Is Oaktree Specialty Lending Corporation (OCSL) A Good Stock To Buy?

The elite funds run by legendary investors such as David Tepper and Dan Loeb make hundreds of millions of dollars for themselves and their investors by spending enormous resources doing research on small cap stocks that big investment banks don’t follow. Because of their pay structures, they have strong incentives to do the research necessary to beat the market. That’s why we pay close attention to what they think in small cap stocks. In this article, we take a closer look at Oaktree Specialty Lending Corporation (NASDAQ:OCSL) from the perspective of those elite funds.

Oaktree Specialty Lending Corporation (NASDAQ:OCSL) shareholders have witnessed a decrease in activity from the world’s largest hedge funds lately. OCSL was in 17 hedge funds’ portfolios at the end of June. There were 19 hedge funds in our database with OCSL positions at the end of the previous quarter. Our calculations also showed that OCSL isn’t among the 30 most popular stocks among hedge funds (see the video below).
5 Most Popular Stocks Among Hedge Funds
Video: Click the image to watch our video about the top 5 most popular hedge fund stocks.

Hedge funds’ reputation as shrewd investors has been tarnished in the last decade as their hedged returns couldn’t keep up with the unhedged returns of the market indices. Our research has shown that hedge funds’ large-cap stock picks indeed failed to beat the market between 1999 and 2016. However, we were able to identify in advance a select group of hedge fund holdings that outperformed the market by 40 percentage points since May 2014 through May 30, 2019 (see the details here). We were also able to identify in advance a select group of hedge fund holdings that’ll significantly underperform the market. We have been tracking and sharing the list of these stocks since February 2017 and they lost 25.7% through September 30, 2019. That’s why we believe hedge fund sentiment is an extremely useful indicator that investors should pay attention to.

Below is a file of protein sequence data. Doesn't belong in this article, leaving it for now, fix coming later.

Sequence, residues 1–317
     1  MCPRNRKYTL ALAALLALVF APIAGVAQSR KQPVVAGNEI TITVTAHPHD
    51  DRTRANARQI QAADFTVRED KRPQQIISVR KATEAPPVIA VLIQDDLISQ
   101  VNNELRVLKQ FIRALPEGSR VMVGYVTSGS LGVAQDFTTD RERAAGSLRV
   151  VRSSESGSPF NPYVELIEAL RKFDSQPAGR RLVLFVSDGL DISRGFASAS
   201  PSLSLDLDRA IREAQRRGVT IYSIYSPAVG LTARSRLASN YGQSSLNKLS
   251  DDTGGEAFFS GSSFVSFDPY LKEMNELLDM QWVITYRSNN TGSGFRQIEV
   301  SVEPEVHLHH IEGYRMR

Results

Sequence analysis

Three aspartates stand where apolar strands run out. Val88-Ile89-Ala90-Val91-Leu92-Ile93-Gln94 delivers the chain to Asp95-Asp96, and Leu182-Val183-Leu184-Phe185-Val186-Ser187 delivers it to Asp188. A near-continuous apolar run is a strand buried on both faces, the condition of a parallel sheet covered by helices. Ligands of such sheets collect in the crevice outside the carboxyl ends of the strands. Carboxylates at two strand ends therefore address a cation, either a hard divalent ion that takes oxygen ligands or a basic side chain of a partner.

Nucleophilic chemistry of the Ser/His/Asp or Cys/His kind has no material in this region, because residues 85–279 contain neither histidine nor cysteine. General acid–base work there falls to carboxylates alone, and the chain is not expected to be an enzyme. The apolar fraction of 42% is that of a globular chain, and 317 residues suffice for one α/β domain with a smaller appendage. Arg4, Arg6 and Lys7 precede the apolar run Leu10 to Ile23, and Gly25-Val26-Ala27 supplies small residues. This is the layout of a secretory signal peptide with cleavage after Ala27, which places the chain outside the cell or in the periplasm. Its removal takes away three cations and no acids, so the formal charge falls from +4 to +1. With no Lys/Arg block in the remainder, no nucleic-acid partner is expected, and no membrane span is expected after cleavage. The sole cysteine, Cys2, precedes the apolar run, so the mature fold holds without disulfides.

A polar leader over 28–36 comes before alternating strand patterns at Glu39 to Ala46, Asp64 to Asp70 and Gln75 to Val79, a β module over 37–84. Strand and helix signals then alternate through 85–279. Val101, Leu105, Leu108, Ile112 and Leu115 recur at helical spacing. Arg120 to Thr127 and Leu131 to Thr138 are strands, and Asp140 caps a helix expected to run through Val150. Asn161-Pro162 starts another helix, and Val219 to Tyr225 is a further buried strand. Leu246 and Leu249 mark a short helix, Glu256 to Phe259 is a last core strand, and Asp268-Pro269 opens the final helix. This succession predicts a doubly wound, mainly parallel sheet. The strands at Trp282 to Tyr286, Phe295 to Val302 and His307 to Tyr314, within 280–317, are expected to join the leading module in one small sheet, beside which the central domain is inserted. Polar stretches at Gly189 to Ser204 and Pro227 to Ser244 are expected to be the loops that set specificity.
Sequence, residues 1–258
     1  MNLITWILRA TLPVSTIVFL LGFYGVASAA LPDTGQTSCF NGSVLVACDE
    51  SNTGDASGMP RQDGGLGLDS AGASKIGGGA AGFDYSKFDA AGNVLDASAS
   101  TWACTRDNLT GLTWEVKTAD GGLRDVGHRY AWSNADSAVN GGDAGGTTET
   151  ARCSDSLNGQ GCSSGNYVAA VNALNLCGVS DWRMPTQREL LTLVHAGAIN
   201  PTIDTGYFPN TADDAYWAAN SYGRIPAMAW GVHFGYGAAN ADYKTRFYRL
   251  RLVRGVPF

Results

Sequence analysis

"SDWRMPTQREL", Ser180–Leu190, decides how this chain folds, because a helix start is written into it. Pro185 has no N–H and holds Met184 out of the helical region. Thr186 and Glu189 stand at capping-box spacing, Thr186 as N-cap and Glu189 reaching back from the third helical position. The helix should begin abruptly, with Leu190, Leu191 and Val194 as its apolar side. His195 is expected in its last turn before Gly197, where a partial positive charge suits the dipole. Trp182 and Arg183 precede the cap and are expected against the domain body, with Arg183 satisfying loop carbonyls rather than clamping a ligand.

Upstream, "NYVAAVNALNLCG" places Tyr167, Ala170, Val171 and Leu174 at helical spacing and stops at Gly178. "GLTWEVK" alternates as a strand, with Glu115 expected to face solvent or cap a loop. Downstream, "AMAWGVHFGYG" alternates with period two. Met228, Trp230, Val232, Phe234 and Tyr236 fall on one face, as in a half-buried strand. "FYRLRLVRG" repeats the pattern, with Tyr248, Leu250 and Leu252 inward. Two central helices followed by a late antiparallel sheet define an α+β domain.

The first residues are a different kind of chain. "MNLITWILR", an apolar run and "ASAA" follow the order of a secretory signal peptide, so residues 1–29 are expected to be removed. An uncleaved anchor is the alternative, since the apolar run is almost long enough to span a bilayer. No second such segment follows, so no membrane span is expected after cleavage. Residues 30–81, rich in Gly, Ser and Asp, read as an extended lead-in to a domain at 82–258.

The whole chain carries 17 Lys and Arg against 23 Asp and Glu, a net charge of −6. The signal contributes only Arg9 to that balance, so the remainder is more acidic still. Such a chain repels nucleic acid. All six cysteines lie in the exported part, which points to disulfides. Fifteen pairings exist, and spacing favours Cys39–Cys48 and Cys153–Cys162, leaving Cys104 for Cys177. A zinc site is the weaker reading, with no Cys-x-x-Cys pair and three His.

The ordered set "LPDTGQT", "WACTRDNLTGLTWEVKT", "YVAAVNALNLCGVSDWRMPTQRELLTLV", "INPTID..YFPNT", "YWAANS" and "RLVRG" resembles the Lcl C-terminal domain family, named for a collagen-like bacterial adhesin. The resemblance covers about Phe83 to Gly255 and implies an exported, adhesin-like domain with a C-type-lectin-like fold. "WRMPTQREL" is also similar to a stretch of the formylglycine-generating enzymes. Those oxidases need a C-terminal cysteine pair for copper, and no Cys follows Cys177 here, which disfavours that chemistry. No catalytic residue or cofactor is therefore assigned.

In addition to following the biggest hedge funds for investment ideas, we also share stock pitches from conferences, investor letters and other sources  like this one where the fund manager is talking about two under the radar 1000% return potential stocks: first one in internet infrastructure and the second in the heart of advertising market. We use hedge fund buy/sell signals to determine whether to conduct in-depth analysis of these stock ideas which take days. Now we’re going to go over the new hedge fund action surrounding Oaktree Specialty Lending Corporation (NASDAQ:OCSL).

How have hedgies been trading Oaktree Specialty Lending Corporation (NASDAQ:OCSL)?

At the end of the second quarter, a total of 17 of the hedge funds tracked by Insider Monkey were long this stock, a change of -11% from the previous quarter. On the other hand, there were a total of 13 hedge funds with a bullish position in OCSL a year ago. So, let’s examine which hedge funds were among the top holders of the stock and which hedge funds were making big moves.